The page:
Mother, son surprised with KC Scholars scholarships
When the head of the Ewing Marion Kauffman School pulled 14-year-old Kenyon Childress out of class Monday morning, he started wondering what had he done wrong.
That is, until he saw his mother standing in the school hallway.
“I knew I wasn’t in trouble because my mother was smiling,” Kenyon said.
What he didn’t know, but later learned, is that he was one of 355 Kansas City area students to receive one of the first KC Scholars scholarships through a new program launched by the Kauffman Foundation.
And making the morning surprise even better, his mother, Chaquita Weston, learned that she was one of 91 adults to receive an adult learners scholarship worth up to $5,000 a year for five years from KC Scholars.
By noon Monday, 608 schoolchildren and adults had learned they are part of the first class of KC Scholars, a three-tiered scholarship and college-savings program designed to carry forward a Kauffman Foundation mission to help low- and modest-income families complete higher education.
“Really!” Weston said when she learned that she and her son would get the financial help they need to make their college dreams real. Weston, a single mother of five, said she has always wanted to go back to school and earn her degree in health information management. She’s thinking maybe she’d like to attend Avila University.
Kenyon, who by now was smiling too, has his heart set on studying chemical engineering. In his application essay, he said going to college has been his main goal since second grade.
“He and his mother are really so deserving, it’s so beautiful,” said Hannah Lofthus, chief executive officer of the Kauffman school.
“This is so special that a mother and son get to go to college at the same time,” said Beth Tankersley-Bankhead, director of KC Scholars. “You are the future and the future of the Kansas City area.”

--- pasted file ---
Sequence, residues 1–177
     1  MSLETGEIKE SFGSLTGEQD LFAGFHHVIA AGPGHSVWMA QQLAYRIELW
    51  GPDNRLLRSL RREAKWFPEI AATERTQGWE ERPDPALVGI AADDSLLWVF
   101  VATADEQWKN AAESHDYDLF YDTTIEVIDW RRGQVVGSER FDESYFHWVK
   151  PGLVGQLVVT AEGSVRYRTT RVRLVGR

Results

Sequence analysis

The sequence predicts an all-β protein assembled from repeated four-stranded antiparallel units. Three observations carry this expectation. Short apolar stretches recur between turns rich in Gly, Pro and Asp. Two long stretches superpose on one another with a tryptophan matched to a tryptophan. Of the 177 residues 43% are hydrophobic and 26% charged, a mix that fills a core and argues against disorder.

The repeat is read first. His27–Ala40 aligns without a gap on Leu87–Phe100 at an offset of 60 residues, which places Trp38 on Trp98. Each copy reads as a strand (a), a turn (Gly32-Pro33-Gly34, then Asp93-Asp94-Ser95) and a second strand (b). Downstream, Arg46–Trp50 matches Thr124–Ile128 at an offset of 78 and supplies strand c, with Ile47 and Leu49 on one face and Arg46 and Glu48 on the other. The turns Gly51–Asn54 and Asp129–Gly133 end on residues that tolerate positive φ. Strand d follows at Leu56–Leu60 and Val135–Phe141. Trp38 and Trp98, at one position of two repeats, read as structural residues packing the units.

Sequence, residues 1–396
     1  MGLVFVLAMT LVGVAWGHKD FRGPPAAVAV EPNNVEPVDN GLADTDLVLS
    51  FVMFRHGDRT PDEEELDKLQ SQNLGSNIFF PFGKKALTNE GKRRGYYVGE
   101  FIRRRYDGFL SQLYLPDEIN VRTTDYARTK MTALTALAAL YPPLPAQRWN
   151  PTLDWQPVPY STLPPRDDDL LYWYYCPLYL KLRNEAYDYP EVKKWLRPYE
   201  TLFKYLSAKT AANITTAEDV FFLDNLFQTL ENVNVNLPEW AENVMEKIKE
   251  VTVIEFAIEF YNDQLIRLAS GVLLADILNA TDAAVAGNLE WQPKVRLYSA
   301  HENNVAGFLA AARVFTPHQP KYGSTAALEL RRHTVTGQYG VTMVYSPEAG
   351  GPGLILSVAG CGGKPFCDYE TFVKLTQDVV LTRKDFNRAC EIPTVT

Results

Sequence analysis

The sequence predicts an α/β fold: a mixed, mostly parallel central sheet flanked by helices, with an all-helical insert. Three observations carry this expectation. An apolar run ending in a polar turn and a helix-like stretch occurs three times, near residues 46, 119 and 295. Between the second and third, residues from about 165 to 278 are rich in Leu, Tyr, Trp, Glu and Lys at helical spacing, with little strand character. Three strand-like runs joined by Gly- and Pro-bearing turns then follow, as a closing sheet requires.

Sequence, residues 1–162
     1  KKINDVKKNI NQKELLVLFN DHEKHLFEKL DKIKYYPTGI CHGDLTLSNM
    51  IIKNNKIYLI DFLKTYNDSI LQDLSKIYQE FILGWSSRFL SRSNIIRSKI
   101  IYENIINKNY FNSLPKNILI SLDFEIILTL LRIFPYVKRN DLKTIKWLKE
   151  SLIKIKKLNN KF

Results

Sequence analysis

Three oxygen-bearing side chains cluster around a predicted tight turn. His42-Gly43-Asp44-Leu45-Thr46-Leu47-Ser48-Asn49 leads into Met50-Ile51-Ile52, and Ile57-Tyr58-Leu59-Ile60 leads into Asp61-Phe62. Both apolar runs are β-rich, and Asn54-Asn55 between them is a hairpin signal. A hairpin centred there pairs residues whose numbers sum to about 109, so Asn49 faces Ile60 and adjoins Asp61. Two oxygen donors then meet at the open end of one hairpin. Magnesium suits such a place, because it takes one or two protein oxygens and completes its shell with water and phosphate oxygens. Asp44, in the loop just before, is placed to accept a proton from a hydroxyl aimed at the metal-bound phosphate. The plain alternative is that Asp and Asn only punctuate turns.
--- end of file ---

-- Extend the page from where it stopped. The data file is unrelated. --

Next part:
The KC Scholars program has been in the making for nearly two years, Tankersley-Bankhead said. It was designed by a committee of 70 Kansas City community partners.
While the Kauffman Foundation is putting $79 million over 10 years into the new program, the expectation is that community groups will contribute millions of dollars to fund the scholarship program for many years.
In September, KC Scholars received about 2,000 applications from students at 97 high schools in the six counties the program will serve — Jackson, Cass, Clay and Platte in Missouri and Wyandotte and Johnson in Kansas. Some 71 percent of the applicants would be the first in their family to complete college.
Applications were reviewed by 117 community volunteers. They awarded 285 high school juniors scholarships worth $10,000 a year for up to five years.
Jared Hoskins, a 17-year-old junior at Paseo Academy, was ecstatic when he heard he’d won the $50,000 KC Scholars scholarship. Without it, Hoskins said, affording college would be impossible for him and his family.
“This is a big, very big deal,” said Jared, who wants to be a medical doctor. Because another scholarship from a different program is sending him to Thailand for his senior year of high school, Jared said he will spend part of his time there figuring out where he’ll go to college.
“I can’t wait to tell my mother about this,” Jared said. “It’s looking more and more every day like I will be going to college.”
Seventy high school freshmen, including Kenyon, won college savings match and incentive scholarships.
Kenyon gets $50 to start a college savings account, and for every dollar he puts in, KC Scholars will put in $4, up to $7,000. While in high school he also will get a chance to earn up to $2,000 more by doing necessary tasks in preparation for college such as taking the ACT or SAT and visiting college campuses.
KC Scholars is the third college scholarship program the Kauffman Foundation has invested in.
In 1988, Ewing Kauffman launched Project Choice at Westport High School, and then in 2003 the foundation rolled out Kauffman Scholars, a 19-year-long program that funds a college education for students who qualified for the program in middle school. There are 1,013 active Kauffman Scholars. That program ends in 2022.